Chelsea residents Phyllis Siegel, 77, and Connie Kopelov, 85, got hitched at the marriage bureau on Worth Street in Lower Manhattan at 9:02 a.m., setting off wedding bells across Gotham.
City Council Speaker Christine Quinn, who is openly gay, witnessed the ceremony that was officiated by City Clerk Michael McSweeney.
‘‘It was just so amazing,’’ said Siegel, who has been with her love for 23 years. ‘‘It’s the only way I can describe it. I lost my breath and a few tears.’’
* In Brooklyn, retired nurse Michael Faurey, 63, and Bobby Amagna, 65, celebrated their nearly two-decade-old relationship in matrimony.
‘‘It’s [been] an 18- year struggle,’’ said Faurey. While the two grooms nonchalantly exchanged vows, judge Ellen Spodek, who officiated their ceremony, broke down in tears.
* Meanwhile at Queens Borough Hall, Greg Levine, 32, and Shane Serkiz, 33, were the first ones to show up to tie the knot, and they celebrated their 11-year relationship.
Serkiz said he hopes today’s weddings bring hope to future generations of gay Americans: "I hope this makes it a lot easier for gay and lesbian youth to understand that who they are is OK . And it definitely gets better."
* Up in The Bronx, youth pastor Carmen Hernandez, 48, and dental assistant Doris DeArmas, 50, tied the knot. When they sealed the borough’s first same-sex marriage, DeArmas told her love: ‘‘I’ve got you.’’
* Then down in Staten Island, a pair of Long Branch, NJ, lovebirds — Bedelia Sanchez, 47, and Lavern Rivera, 50 — got hitched even though their state won’t recognize the nuptials.
‘‘We have six grandchildren together,’’ Sanchez said. ‘‘We want them to understand that even though we’re homosexuals, we love each other and are very serious about our family.’’
The Big Apple weddings followed dozens of other same-sex ceremonies, conducted in the wee-early morning hours when the state’s historic Marriage Equality Act officially took effect.
Under a steamy half-moon at the stroke of midnight, Dee Smith, 25, and Kate Wrede, 21, signed their license at the North Hempstead Town Hall in Manhasset.
Kate -- in a traditional white wedding gown -- and Dee, who donned a tux, then walked across the street to a romantic park gazebo to tie the knot.
The Patchogue duo were exchanging vows by the stroke of twelve -- and then rode off for their honeymoon night in a white Rolls Royce.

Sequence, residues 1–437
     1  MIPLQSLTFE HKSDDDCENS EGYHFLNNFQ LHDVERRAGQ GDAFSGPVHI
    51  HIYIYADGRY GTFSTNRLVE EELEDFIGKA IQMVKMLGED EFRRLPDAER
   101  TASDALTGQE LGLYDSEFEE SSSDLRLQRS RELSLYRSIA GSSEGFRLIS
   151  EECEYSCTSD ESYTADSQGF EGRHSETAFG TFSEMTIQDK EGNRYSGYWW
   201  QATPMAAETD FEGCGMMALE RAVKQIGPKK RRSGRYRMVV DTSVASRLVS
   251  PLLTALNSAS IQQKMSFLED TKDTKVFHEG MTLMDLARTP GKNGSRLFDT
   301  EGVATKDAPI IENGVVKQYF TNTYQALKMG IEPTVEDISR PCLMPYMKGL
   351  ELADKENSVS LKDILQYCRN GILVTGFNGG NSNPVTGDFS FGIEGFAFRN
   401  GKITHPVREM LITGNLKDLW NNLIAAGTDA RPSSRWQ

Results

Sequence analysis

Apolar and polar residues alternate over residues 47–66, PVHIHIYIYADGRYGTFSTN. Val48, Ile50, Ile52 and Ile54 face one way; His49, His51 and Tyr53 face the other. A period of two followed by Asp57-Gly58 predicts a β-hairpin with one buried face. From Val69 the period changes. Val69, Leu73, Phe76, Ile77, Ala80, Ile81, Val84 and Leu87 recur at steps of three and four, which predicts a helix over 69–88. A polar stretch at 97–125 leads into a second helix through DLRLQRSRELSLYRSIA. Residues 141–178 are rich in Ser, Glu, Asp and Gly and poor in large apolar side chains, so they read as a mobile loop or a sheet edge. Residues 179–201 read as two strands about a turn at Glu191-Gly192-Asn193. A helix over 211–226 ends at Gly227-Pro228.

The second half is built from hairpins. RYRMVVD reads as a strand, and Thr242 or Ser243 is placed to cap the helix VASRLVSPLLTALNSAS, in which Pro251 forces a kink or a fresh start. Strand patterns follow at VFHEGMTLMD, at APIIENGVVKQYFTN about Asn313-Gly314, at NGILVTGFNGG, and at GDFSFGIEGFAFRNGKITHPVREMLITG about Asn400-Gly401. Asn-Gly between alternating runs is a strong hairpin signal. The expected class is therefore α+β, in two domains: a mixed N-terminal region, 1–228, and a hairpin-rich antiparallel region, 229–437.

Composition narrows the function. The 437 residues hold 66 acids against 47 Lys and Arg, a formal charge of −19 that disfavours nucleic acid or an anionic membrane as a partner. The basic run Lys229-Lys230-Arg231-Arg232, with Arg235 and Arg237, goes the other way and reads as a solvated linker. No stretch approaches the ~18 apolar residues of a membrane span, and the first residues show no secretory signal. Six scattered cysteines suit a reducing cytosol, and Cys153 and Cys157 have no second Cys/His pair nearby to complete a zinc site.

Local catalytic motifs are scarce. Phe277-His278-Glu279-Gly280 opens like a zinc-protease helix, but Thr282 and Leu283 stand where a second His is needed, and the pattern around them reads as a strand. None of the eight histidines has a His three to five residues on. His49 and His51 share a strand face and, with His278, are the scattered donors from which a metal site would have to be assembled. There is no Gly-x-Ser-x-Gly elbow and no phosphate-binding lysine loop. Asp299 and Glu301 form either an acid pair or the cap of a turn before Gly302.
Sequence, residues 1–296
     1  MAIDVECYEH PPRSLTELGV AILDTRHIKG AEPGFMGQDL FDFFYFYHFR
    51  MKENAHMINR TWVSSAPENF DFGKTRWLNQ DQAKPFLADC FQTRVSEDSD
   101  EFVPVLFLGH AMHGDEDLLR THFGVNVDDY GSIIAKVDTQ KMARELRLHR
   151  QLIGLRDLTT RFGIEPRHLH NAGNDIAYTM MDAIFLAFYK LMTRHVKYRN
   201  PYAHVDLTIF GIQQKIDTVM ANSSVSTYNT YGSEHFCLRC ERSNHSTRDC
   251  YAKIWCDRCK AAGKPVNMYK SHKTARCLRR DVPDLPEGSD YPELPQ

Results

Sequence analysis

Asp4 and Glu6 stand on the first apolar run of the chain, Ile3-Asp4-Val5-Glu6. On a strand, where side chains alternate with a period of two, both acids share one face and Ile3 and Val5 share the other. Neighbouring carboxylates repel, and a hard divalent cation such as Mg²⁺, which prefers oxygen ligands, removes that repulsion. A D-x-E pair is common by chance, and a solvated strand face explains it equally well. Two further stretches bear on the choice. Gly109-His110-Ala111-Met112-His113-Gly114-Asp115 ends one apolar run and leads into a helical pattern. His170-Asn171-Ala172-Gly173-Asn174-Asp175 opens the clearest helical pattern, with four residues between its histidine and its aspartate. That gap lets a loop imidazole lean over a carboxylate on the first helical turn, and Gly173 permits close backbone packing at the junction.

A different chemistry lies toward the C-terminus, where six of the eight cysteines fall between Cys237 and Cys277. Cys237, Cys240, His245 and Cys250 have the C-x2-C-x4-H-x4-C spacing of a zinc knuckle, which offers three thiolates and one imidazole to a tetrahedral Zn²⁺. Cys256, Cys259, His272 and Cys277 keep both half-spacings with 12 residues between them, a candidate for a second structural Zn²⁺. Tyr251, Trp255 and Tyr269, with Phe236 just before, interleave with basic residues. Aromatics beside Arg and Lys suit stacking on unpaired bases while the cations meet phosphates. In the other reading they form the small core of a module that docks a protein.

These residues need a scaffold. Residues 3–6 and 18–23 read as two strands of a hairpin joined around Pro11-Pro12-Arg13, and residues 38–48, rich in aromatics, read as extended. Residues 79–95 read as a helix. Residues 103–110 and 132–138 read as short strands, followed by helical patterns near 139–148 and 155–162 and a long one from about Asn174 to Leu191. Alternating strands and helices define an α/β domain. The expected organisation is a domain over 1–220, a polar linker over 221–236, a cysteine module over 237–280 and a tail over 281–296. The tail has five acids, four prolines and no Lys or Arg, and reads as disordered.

Smith said she and her bride were overwhelmed by all the attention leading up to the happy event.
"We're humble people," she laughed.
They got engaged in May and thought they'd get hitched out of state next year. But when New York legalized gay marriage a month ago, Smith and Wrede set out to make history with their "I do's."
They rushed their way through selecting a gown, a tuxedo, and a limo, planned an elaborate Jewish ceremony at the Viana Hotel, and even got a cake from TLC's "Cake Boss" Buddy Valastro. But up until late Friday afternoon, Smith and Wrede didn't know if they would have the necessary paperwork in place to officially wed.
At the last minute, they learned that North Hempstead town clerk Leslie Gross was going to open Town Hall at midnight to issue a marriage license to two dear friends.
Smith and Wrede contacted Gross to ask for help, and she agreed to give them a midnight marriage license as well.
But the couple had to produce their own Supreme Court Justice to be present to waive a state law that mandates a 24-hour waiting period after a license is issued.
"They found a Queens justice willing to come out here at midnight. I don't know how they did it, but they did," said Gross.
Other couples around the state were also eager to claim first-married status.
In Albany, 10 couples exchanged vows at City Hall at 12 a.m.
In Niagara Falls, longtime partners Kitty Lambert, 54, and Cheryle Rudd, 53, made a splash with a midnight wedding on Luna Island, at the feet of the gushing Horseshoe Waterfalls.
"We're so proud of everybody who crawled up this hill with us," Lambert, her eyes filled with tears, told the Buffalo News.
"This wasn't done with just the two of us. Every single person here played a part in getting this law passed."
Earlier, Lambert noted "Our wedding invitations said, 'It was well worth the fight.' "
She wore a sparkly azure dress she made herself. Rudd was decked out in a white, tailed tuxedo, and their grandkids carried the flowers and rings for them.
"When I was a little girl I dreamed one day of being married at Niagara Falls," said Lambert. "The feelings you get while you stand there, it's just instantly romantic."